“It’s really an honour I carry on my shoulders,” the 18-year-old says from her home in Pond Inlet, NU. “The territories are not always the first people to be invited to the table.”
Zoe has won gold and silver medals at the 2017 Dwarf World Games. She was a member of the Canada’s History Youth Committee. Currently in her last year of high school, Zoe is considering all of her career options, including everything from social media marketing to different roles in northern education.
A national disability benefit will significantly impact people in the territories, Zoe says. With no roads connecting Nunavut to the rest of Canada, the cost of living is higher in the North.
Additionally, the territories don’t always have the infrastructure to assist people with disabilities, like working ramps and elevators, and health-care resources are more limited.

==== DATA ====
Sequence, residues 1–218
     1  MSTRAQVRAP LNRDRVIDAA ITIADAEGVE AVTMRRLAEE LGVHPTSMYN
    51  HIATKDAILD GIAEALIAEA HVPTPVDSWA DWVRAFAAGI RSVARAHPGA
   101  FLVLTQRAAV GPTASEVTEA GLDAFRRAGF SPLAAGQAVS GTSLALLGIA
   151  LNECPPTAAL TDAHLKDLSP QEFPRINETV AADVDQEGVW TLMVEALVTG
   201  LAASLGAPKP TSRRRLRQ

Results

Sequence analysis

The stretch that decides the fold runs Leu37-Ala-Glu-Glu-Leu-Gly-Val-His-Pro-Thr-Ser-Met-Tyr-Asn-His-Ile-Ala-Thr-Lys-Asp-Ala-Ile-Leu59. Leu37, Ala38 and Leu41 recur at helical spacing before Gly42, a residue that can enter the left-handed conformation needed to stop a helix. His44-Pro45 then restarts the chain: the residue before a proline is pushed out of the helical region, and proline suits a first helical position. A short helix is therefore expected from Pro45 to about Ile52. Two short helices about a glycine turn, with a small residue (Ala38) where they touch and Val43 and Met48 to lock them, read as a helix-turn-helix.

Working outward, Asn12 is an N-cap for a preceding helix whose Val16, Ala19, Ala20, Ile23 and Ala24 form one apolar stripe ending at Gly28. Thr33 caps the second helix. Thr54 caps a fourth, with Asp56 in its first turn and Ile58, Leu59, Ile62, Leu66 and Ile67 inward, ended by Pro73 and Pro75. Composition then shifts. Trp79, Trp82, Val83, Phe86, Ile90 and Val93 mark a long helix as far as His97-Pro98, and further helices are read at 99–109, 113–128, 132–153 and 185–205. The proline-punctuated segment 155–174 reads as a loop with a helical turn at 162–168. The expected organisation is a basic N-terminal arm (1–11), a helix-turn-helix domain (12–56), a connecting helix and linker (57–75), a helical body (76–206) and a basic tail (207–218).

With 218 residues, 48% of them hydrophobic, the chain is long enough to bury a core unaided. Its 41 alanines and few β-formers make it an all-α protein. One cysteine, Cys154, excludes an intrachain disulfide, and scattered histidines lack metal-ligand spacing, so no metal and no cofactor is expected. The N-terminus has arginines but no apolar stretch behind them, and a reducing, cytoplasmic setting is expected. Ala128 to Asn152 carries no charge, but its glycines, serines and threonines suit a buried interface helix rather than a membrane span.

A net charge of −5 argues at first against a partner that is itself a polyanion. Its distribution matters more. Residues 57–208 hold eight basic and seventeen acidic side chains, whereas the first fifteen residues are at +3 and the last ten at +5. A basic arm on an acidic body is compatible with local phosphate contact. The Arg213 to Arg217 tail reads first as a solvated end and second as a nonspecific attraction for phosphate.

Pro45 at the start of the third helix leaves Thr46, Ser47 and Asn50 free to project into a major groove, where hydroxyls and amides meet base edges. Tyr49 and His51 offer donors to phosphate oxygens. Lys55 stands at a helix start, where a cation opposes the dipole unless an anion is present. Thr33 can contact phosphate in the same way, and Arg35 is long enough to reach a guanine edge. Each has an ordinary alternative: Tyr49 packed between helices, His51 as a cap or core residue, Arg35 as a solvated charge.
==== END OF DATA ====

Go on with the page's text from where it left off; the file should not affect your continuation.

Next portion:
“Having additional income for Nunavummiut – residents of Nunavut -with disabilities could change people’s lives tremendously, more noticeably than someone down South,” Zoe explains.
Zoe has dwarfism and says her community has always supported her. “I was raised in a community that let me prosper for who I was. They’ve let me be me. They don’t look at me as if I have a disability: I’m just Zoe,” she says.
She wants all people with disabilities to have a similar experience. She knows it can be hard when people make wrong assumptions about what she can and can’t do because of her disability. But she’s “hopeful” for the future. “We’re at a time in the world where everything is changing, and hopefully we can take all that we’re learning right now and change for the better. I don’t feel scared. I just feel ready for change.”